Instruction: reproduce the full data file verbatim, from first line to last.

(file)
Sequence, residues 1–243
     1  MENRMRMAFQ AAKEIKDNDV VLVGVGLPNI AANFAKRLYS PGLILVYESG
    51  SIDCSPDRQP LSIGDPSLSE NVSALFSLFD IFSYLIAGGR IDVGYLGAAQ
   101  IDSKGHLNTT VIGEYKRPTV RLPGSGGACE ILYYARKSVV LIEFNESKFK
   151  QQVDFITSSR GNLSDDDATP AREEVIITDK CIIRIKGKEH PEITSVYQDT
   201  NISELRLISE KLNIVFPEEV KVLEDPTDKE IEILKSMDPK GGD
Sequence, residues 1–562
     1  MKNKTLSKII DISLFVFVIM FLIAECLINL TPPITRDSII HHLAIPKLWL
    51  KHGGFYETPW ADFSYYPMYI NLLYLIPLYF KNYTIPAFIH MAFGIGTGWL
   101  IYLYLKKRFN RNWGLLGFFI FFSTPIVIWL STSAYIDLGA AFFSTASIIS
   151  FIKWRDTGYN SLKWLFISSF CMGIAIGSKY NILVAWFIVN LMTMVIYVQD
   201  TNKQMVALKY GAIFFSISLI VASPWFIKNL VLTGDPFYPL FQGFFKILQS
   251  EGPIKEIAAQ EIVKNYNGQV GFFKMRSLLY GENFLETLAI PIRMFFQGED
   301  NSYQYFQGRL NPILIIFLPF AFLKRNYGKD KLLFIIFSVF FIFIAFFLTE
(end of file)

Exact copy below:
Sequence, residues 1–243
     1  MENRMRMAFQ AAKEIKDNDV VLVGVGLPNI AANFAKRLYS PGLILVYESG
    51  SIDCSPDRQP LSIGDPSLSE NVSALFSLFD IFSYLIAGGR IDVGYLGAAQ
   101  IDSKGHLNTT VIGEYKRPTV RLPGSGGACE ILYYARKSVV LIEFNESKFK
   151  QQVDFITSSR GNLSDDDATP AREEVIITDK CIIRIKGKEH PEITSVYQDT
   201  NISELRLISE KLNIVFPEEV KVLEDPTDKE IEILKSMDPK GGD
Sequence, residues 1–562
     1  MKNKTLSKII DISLFVFVIM FLIAECLINL TPPITRDSII HHLAIPKLWL
    51  KHGGFYETPW ADFSYYPMYI NLLYLIPLYF KNYTIPAFIH MAFGIGTGWL
   101  IYLYLKKRFN RNWGLLGFFI FFSTPIVIWL STSAYIDLGA AFFSTASIIS
   151  FIKWRDTGYN SLKWLFISSF CMGIAIGSKY NILVAWFIVN LMTMVIYVQD
   201  TNKQMVALKY GAIFFSISLI VASPWFIKNL VLTGDPFYPL FQGFFKILQS
   251  EGPIKEIAAQ EIVKNYNGQV GFFKMRSLLY GENFLETLAI PIRMFFQGED
   301  NSYQYFQGRL NPILIIFLPF AFLKRNYGKD KLLFIIFSVF FIFIAFFLTE